Places to explore:

Chinatown/International District
Seattle’s Chinatown/International District is located southeast of Pioneer Square. The historic district built largely between 1909 and 1929 is listed in the National Historic Register of Historic Places. It is home to vibrant storefronts, restaurants, produce markets, and museums.

Parks to explore:

Hing Hay Park
423 Maynard Ave S, Seattle, WA 98104
Hing Hay Park “Park for Pleasurable Gatherings” is the International District’s primary public square and features an ornate grand pavilion that was a gift from the people of Taipei.

Kubota Garden
9817 55th Ave S, Seattle, WA 98118
The Kubota Garden is a stunning 20 acre landscape blending Japanese garden concepts with native Northwest plants. It was created by Japanese American Fujitaro Kubota in 1927.

Seattle Japanese Garden, Arboretum
1075 Lake Washington Blvd E, Seattle, WA 98112
Located within the Washington Park Arboretum, this is a spectacular 3 1/2 acre formal garden designed and constructed under the supervision of world-renowned Japanese garden designer Juki Iida in 1960.

Cultural Organizations:

The Wing Luke Museum of the Asian Pacific American Experience
719 South King Street, Seattle, WA 98104
Founded in 1966, the museum was named after Wing Luke (1925-1965), the first Asian American to hold public office in the Pacific Northwest.  The Wing explores the culture, art and history of the pan-Asian Pacific American experience and is the first Smithsonian affiliate in the Pacific Northwest as well as an Affiliated Area of the National Park Service. Their mission is to connect everyone to the rich history, dynamic cultures and art of the Asian Pacific Americans through vivid storytelling and inspiring experiences.

Seattle Asian Art Museum
1400 E Prospect St, Seattle, 98112
The Seattle Asian Art Museum resides in a 1933 Art Deco building in the Olmstead-designed Volunteer Park. Their collection of Asian art includes historic and contemporary Chinese, Japanese, Indian, Korean, Southeast Asian, Himalayan, Filipino, and Vietnamese art.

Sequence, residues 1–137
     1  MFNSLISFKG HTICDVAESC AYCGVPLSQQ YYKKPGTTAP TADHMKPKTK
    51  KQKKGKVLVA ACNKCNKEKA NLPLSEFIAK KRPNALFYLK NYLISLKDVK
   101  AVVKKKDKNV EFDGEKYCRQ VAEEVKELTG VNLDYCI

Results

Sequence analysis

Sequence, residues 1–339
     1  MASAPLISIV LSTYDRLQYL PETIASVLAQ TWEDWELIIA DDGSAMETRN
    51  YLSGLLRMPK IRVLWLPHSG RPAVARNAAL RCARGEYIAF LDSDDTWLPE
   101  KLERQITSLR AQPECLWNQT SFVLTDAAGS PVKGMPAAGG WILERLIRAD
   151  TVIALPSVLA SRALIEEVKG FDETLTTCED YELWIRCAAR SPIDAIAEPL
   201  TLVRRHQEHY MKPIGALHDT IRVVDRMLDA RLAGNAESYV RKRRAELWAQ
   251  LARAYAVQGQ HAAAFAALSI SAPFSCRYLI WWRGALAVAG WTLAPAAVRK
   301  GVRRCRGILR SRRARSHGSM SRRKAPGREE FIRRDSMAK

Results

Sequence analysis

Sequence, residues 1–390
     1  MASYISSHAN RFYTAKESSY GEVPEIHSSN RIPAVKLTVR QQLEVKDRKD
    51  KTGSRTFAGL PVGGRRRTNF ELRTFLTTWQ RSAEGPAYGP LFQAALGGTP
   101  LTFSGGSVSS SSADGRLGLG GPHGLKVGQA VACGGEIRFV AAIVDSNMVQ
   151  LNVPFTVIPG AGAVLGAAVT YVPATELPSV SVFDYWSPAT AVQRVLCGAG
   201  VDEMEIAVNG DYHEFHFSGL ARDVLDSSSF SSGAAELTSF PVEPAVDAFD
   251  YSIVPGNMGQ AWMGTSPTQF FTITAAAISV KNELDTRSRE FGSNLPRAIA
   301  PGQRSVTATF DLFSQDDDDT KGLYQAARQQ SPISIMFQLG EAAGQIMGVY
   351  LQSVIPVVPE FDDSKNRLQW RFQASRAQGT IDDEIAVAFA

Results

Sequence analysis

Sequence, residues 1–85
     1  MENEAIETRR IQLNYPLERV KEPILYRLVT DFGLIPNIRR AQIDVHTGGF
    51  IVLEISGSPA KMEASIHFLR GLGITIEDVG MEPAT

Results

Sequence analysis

Burke Museum
4331 Memorial Way NE, Seattle, WA 98195
The Burke Museum of Natural History and Culture, founded in 1885 is a research and collections based museum dedicated to cultural heritage and biodiversity. The museum’s long term exhibition Pacific Voices features the arts, ceremonies and stories of Asian and Asian American cultures and communities around the Pacific Rim.

Densho
Densho is a digital, public history organization. They work to preserve and share stories of Japanese Americans who were unjustly incarcerated during World War II by recording firsthand accounts, digitizing historical images and documents, and developing classroom resources. Densho’s work is nationally acclaimed with awards from the American Library Association, Society of American Archivists, Seattle Mayor’s Arts Award and the Oral History Association.

5th Avenue Theatre
1308 5th Ave, Seattle, WA 98101
Opened in 1926, the interior of the 5th Avenue Theatre incorporates design motifs from Imperial China’s Forbidden City, Temple of Heavenly Peace, and Summer Palace.

 

*Information included from the Visit Seattle’s Cultural Guide

Seattle Parks and Recreation invites the community to the new terrace overlook dedication at Kubota Garden

Seattle Parks and Recreation and the Kubota Garden Foundation invite the community to a celebration for the new terrace overlook at Kubota Garden on Thursday, May 21, 2015 from 2:30 to 4 p.m. at Kubota Garden, 9817 55th Ave. S.  The ribbon cutting event includes a Shinto blessing, music by Amazing Grace Christian School-Renton Preparatory Middle High School and light refreshments.